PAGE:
# Thermodynamic temperature

• this article needs to be updated. in particular: it needs to reflect the 2019 redefinition of the si base units, which came into effect on may 20, 2019. please update this article to reflect recent events or newly available information. (january 2020)

thermodynamic temperature is the absolute measure of temperature and is one of the principal parameters of thermodynamics.

thermodynamic temperature is defined by the third law of thermodynamics in which the theoretically lowest temperature is the null or zero point. at this point, absolute zero, the particle constituents of matter have minimal motion and can become no colder. in the quantum-mechanical description, matter at absolute zero is in its ground state, which is its state of lowest energy. thermodynamic temperature is often also called absolute temperature, for two reasons: the first, proposed by kelvin, that it does not depend on the properties of a particular material; the second, that it refers to an absolute zero according to the properties of the ideal gas.

the international system of units specifies a particular scale for thermodynamic temperature. it uses the kelvin scale for measurement and selects the triple point of water at 273.16 k as the fundamental fixing point. other scales have been in use historically. the rankine scale, using the degree fahrenheit as its unit interval, is still in use as part of the english engineering units in the united states in some engineering fields. its-90 gives a practical means of estimating the thermodynamic temperature to a very high degree of accuracy.

roughly, the temperature of a body at rest is a measure of the mean of the energy of the translational, vibrational and rotational motions of matter's particle constituents, such as molecules, atoms, and subatomic particles. the full variety of these kinetic motions, along with potential energies of particles, and also occasionally certain other types of particle energy in equilibrium with these, make up the total internal energy of a substance. internal energy is loosely called the heat energy or thermal energy in conditions when no work is done upon the substance by its surroundings, or by the substance upon the surroundings. internal energy may be stored in a number of ways within a substance, each way constituting a "degree of freedom". at equilibrium, each degree of freedom will have on average the same energy: where is the boltzmann constant, unless that degree of freedom is in the quantum regime. the internal degrees of freedom (rotation, vibration, etc.) may be in the quantum regime at room temperature, but the translational degrees of freedom will be in the classical regime except at extremely low temperatures (fractions of kelvins) and it may be said that, for most situations, the thermodynamic temperature is specified by the average translational kinetic energy of the particles.

• overview
• the relationship of temperature, motions, conduction, and thermal energy
• practical applications for thermodynamic temperature
• definition of thermodynamic temperature
• history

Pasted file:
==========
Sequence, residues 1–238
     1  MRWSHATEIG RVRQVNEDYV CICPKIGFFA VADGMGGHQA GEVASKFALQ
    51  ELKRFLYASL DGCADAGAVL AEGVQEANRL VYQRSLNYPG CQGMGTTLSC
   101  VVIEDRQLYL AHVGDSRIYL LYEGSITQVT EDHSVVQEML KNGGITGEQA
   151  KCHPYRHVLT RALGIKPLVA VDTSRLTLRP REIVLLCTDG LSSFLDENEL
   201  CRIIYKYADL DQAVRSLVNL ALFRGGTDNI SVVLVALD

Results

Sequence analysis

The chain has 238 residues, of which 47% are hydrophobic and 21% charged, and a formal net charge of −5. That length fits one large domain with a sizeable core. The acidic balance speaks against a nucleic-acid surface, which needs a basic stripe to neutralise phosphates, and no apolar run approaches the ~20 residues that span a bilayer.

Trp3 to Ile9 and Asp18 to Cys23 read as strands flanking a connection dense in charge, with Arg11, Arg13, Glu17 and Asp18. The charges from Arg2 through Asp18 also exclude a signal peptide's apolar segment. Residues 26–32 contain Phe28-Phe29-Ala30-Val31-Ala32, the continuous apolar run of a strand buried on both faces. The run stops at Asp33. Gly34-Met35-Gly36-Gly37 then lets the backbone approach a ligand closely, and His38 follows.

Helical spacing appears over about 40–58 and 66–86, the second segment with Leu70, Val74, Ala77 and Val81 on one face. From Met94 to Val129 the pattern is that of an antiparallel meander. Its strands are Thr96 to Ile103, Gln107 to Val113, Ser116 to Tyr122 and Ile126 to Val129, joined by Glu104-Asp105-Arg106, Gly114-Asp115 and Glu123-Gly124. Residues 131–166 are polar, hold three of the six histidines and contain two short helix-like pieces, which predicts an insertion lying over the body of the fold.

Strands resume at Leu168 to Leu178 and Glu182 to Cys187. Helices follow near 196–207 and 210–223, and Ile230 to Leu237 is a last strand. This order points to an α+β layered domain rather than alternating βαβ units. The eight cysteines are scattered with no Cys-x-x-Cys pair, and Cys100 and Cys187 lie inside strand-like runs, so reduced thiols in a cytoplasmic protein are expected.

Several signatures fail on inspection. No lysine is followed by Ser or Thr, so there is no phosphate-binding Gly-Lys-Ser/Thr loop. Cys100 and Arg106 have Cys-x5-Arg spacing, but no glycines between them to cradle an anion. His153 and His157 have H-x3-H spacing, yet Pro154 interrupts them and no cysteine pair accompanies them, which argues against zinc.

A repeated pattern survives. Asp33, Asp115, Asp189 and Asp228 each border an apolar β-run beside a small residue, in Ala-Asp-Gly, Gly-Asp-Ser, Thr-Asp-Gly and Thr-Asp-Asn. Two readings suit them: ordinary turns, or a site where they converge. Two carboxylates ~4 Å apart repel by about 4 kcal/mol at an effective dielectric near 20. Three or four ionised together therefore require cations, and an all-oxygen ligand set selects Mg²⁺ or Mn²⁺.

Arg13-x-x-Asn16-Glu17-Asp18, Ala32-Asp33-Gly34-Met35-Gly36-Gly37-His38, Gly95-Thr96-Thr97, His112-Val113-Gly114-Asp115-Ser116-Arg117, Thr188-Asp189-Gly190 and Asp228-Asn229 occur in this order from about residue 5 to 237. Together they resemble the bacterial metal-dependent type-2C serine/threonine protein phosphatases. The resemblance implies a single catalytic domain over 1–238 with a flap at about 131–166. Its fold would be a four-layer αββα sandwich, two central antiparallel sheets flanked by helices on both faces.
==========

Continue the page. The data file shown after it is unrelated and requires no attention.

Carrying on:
## Thermodynamics The classical Carnot heat engine Branches Classical Statistical Chemical Quantum thermodynamics Equilibrium / Non-equilibrium Laws Zeroth First Second Third Systems State Equation of state Ideal gas Real gas State of matter Equilibrium Control volume Instruments Processes Isobaric Isochoric Isothermal Adiabatic Isentropic Isenthalpic Quasistatic Polytropic Free expansion Reversibility Irreversibility Endoreversibility Cycles Heat engines Heat pumps Thermal efficiency System propertiesNote: Conjugate variables in italics Property diagrams Intensive and extensive properties Process functions Work Heat Functions of state Temperature / Entropy (introduction) Pressure / Volume Chemical potential / Particle number Vapor quality Reduced properties Material properties Property databases Specific heat capacity  $c=$ $T$ $\partial S$ $N$ $\partial T$ Compressibility  $\beta =-$ $1$ $\partial V$ $V$ $\partial p$ Thermal expansion  $\alpha =$ $1$ $\partial V$ $V$ $\partial T$ Equations Carnot's theorem Clausius theorem Fundamental relation Ideal gas law Maxwell relations Onsager reciprocal relations Bridgman's equations Table of thermodynamic equations Potentials Free energy Free entropy Internal energy$U(S,V)$ Enthalpy$H(S,p)=U+pV$ Helmholtz free energy$A(T,V)=U-TS$ Gibbs free energy$G(T,p)=H-TS$ HistoryCulture History General Entropy Gas laws "Perpetual motion" machines Philosophy Entropy and time Entropy and life Brownian ratchet Maxwell's demon Heat death paradox Loschmidt's paradox Synergetics Theories Caloric theory Theory of heat ("living force") Mechanical equivalent of heat Motive power Key publications "An Experimental EnquiryConcerning ... Heat" "On the Equilibrium ofHeterogeneous Substances" "Reflections on theMotive Power of Fire" Timelines Thermodynamics Heat engines ArtEducation Maxwell's thermodynamic surface Entropy as energy dispersal Scientists Bernoulli Boltzmann Carnot Clapeyron Clausius Carathéodory Duhem Gibbs von Helmholtz Joule Maxwell von Mayer Onsager Rankine Smeaton Stahl Thompson Thomson van der Waals Waterston Book Categoryvt This article needs to be updated. In particular: it needs to reflect the 2019 redefinition of the SI base units, which came into effect on May 20, 2019. Please update this article to reflect recent events or newly available information. (January 2020) Thermodynamic temperature is the absolute measure of temperature and is one of the principal parameters of thermodynamics. Thermodynamic temperature is defined by the third law of thermodynamics in which the theoretically lowest temperature is the null or zero point. At this point, absolute zero, the particle constituents of matter have minimal motion and can become no colder. In the quantum-mechanical description, matter at absolute zero is in its ground state, which is its state of lowest energy. Thermodynamic temperature is often also called absolute temperature, for two reasons: the first, proposed by Kelvin, that it does not depend on the properties of a particular material; the second, that it refers to an absolute zero according to the properties of the ideal gas. The International System of Units specifies a particular scale for thermodynamic temperature. It uses the kelvin scale for measurement and selects the triple point of water at 273.16 K as the fundamental fixing point. Other scales have been in use historically. The Rankine scale, using the degree Fahrenheit as its unit interval, is still in use as part of the English Engineering Units in the United States in some engineering fields. ITS-90 gives a practical means of estimating the thermodynamic temperature to a very high degree of accuracy. Roughly, the temperature of a body at rest is a measure of the mean of the energy of the translational, vibrational and rotational motions of matter's particle constituents, such as molecules, atoms, and subatomic particles. The full variety of these kinetic motions, along with potential energies of particles, and also occasionally certain other types of particle energy in equilibrium with these, make up the total internal energy of a substance. Internal energy is loosely called the heat energy or thermal energy in conditions when no work is done upon the substance by its surroundings, or by the substance upon the surroundings. Internal energy may be stored in a number of ways within a substance, each way constituting a "degree of freedom". At equilibrium, each degree of freedom will have on average the same energy: $k_{\text{B}}T/2$ where $k_{\text{B}}$ is the Boltzmann constant, unless that degree of freedom is in the quantum regime. The internal degrees of freedom (rotation, vibration, etc.) may be in the quantum regime at room temperature, but the translational degrees of freedom will be in the classical regime except at extremely low temperatures (fractions of kelvins) and it may be said that, for most situations, the thermodynamic temperature is specified by the average translational kinetic energy of the particles. Contents 1 Overview 1.1 Practical realization 2 The relationship of temperature, motions, conduction, and thermal energy 2.1 The nature of kinetic energy, translational motion, and temperature 2.2 The high speeds of translational motion 2.3 The diffusion of thermal energy: Entropy, phonons, and mobile conduction electrons 2.4 The diffusion of thermal energy: Black-body radiation 2.4.1 Table of thermodynamic temperatures 2.4.2 The heat of phase changes 2.4.3 Internal energy 2.4.4 Internal energy at absolute zero 3 Practical applications for thermodynamic temperature 4 Definition of thermodynamic temperature 5 History 6 See also 7 Notes 8 External links